On Friday, February 2nd, Google unveils a new interactive installation at the National Museum of African American History and Culture. The installation - constructed by a team of engineers through our Black Googler Network - follows a $1M Google.org donation dedicated in 2016 to commemorate the museum's initial opening.
Google is donating a 3-D installation to the National Museum of African American History and Culture, which will redefine how people are able to interact the the museum's rarest artifacts
In 2016, Google.org donated $1M to the NMAAHC in an effort to support its mission to expand access to important historical artifacts to the nation.
The engineering team responsible for coding the project did so in their spare time - each has a unique role within Google unrelated to this particular project. More information on each of them here.
Visitors will now be able to interact with a range of rare artifacts, including a tin of Madame C.J. Walker’s wonderful hair grower, three-inch platform boots that once performed on Broadway, and a cast of a piano-player’s left hand.
Here’s Travis’s original blog post, which talks about his interaction with Dr. Bunch.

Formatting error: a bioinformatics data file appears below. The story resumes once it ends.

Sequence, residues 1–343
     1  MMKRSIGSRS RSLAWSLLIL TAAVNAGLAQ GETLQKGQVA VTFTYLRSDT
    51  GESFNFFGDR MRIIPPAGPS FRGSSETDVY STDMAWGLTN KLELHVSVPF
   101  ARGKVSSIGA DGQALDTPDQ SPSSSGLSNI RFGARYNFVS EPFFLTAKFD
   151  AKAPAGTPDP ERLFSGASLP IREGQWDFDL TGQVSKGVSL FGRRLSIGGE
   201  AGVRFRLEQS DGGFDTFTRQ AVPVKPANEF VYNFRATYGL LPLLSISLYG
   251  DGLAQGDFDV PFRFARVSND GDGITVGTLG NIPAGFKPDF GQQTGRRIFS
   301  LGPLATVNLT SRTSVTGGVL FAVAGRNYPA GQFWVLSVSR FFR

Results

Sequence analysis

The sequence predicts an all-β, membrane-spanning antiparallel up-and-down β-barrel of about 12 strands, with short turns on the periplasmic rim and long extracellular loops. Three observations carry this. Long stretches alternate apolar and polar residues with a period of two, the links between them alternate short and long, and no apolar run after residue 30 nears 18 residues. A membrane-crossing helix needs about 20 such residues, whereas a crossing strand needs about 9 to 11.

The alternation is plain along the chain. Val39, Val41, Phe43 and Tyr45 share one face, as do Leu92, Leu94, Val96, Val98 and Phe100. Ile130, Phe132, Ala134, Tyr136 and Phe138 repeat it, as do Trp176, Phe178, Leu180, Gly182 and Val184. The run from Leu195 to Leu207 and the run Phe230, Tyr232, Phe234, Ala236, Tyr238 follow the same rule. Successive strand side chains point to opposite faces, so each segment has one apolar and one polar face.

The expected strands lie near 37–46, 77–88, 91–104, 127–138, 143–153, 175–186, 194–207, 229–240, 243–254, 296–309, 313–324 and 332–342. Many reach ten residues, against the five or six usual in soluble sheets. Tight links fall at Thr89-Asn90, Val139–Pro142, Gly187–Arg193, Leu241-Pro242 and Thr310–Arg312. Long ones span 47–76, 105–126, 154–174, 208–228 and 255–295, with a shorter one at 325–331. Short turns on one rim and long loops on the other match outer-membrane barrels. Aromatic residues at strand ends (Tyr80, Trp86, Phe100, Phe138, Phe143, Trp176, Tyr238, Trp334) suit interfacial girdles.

“A few years ago, Dr. Lonnie Bunch, the NMAAHC’s director, came to Google’s headquarters and shared his vision to make the museum the most technologically advanced in the world. I immediately knew I wanted to be involved, and pulled together people from across the company: designers who focus on user interaction, members of the Cultural Institute, engineers who work on everything from Google Maps to YouTube, and members of the Black Googler Network. For the past year, we’ve been working to deliver on Dr. Bunch’s vision.
Our team quickly learned that museums are often only able to showcase a fraction of their content and archives to visitors. So we asked ourselves: what technology do we have at Google that could help enrich the museum experience? We worked closely with the museum to build an interactive exhibit to house artifacts from decades of African American history and let visitors explore and learn about them. With 3D scanning, 360 video, multiple screens and other technologies, visitors can see artifacts like a powder horn or handmade dish from all angles by rotating them with a mobile device. The interactive exhibit will open in spring 2017.”